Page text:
Screen_Shot_2018-03-02_at_8.51.15_AM.png
Seattle Channel

Sponsored
FREE event on 10/22 – Gov. Locke & GOP strategist Rick Wilson discuss midterms

A task force put together to identify funding sources for homelessness services has issued its recommendations to the City Council.

In November, the council passed a resolution creating the Progressive Revenue Task Force after rejecting a so-called “employee hours tax” on businesses grossing more than $10 million that would have brought in about $25 million in new revenue for homeless services per year.

After working for two months, the group recommended the council pass a tax that will generate $75 million per year, which is on the high end of the range they were asked to consider. They also recommended the city undergo some cost cutting to fund homelessness services, and to study other potential progressive revenue that could bring the overall figure to $150 million.

While not enough to solve the housing crisis, the task force writes that $150 million, "wisely invested over at least the next ten years, will result in significant and measurable progress towards ending the crisis of homelessness and housing insecurity in our city.”

The task force offered three potential structures for an employee hours tax and outlined four guiding principles of the tax:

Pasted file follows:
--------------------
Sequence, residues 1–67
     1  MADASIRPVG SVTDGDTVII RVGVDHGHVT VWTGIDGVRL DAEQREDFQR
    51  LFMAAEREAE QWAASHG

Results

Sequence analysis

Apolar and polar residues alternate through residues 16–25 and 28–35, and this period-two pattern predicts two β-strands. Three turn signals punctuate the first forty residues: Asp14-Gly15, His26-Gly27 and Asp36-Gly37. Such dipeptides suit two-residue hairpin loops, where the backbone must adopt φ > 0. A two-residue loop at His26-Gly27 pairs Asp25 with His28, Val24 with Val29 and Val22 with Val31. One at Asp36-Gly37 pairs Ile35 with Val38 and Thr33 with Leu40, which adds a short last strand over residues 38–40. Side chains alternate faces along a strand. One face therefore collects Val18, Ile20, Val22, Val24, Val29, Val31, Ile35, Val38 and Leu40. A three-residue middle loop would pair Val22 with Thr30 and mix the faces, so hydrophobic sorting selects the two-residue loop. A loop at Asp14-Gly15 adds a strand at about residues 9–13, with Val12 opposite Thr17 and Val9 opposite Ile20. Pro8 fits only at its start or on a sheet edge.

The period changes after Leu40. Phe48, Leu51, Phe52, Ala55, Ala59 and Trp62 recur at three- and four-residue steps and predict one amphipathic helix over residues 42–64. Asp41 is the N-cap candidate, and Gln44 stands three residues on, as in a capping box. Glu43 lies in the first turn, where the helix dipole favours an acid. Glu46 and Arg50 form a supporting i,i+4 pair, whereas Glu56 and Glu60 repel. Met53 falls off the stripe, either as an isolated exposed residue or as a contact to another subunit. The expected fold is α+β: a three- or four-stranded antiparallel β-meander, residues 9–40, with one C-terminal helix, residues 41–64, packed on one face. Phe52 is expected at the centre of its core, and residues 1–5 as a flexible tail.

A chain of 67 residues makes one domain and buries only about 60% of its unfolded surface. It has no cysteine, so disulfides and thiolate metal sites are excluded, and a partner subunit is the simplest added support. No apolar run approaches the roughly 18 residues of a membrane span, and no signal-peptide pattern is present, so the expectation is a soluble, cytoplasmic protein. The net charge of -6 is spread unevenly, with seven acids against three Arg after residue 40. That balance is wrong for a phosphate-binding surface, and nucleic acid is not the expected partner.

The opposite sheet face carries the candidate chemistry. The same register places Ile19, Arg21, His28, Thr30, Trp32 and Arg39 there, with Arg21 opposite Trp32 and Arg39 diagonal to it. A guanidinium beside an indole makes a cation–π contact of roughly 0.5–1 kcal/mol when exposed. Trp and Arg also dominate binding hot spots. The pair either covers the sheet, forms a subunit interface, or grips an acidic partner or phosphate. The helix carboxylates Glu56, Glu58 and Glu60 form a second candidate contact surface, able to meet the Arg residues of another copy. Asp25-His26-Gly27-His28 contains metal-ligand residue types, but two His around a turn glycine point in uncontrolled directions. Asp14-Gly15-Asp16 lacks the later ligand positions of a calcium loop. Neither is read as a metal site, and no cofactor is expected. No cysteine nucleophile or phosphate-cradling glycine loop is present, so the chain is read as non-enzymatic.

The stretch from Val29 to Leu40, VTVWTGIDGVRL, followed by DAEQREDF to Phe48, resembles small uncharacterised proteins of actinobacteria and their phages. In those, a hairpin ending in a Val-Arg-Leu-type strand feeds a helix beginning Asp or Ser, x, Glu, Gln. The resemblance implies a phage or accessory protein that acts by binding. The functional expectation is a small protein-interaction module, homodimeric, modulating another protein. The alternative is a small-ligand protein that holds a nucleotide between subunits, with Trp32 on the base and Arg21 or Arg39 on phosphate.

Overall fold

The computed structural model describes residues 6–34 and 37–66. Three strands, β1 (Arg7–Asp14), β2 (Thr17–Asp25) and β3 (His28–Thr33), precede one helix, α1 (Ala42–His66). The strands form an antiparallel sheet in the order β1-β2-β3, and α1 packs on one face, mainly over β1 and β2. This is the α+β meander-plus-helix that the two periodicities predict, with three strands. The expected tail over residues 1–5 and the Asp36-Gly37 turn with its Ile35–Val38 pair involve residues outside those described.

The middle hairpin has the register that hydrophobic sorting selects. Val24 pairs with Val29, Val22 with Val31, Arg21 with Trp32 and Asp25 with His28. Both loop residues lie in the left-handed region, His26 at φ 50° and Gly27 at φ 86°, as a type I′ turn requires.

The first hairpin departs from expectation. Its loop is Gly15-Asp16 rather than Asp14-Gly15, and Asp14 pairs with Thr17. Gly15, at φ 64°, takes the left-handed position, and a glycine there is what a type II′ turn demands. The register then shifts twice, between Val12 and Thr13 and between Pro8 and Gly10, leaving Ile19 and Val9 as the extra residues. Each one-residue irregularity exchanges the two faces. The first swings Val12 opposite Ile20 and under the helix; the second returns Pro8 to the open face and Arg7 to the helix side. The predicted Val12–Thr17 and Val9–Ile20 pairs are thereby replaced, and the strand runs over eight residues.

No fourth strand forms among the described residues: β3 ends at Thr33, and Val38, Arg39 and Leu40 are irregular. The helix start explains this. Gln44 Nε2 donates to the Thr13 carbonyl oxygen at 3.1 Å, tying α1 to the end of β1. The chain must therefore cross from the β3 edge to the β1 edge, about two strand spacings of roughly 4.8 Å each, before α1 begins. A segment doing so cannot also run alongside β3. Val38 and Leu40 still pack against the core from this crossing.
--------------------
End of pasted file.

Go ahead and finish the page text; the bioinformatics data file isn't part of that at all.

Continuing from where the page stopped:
First, the tax should be as progressive as possible, meaning businesses that can afford to pay more would pay more. Second, exemptions to the tax must be given fairly and consistently, free from political influence. Third, the tax should not disproportionately impact businesses owned by people of color. And finally, some businesses that make less than the revenue threshold should chip in a little bit.

The recommendations say that the council should dedicate 80 percent of new revenue from an employee hours tax to housing, and 20 percent to emergency shelter and services. They also urge the city to consider the spectrum of housing needs, partner with faith communities, make it safer for people living in vehicles, commit to no net loss of shelter capacity, invest in non-housing services that overlap with the homelessness crisis (like alternatives to incarceration programs), and increase wages for human services workers.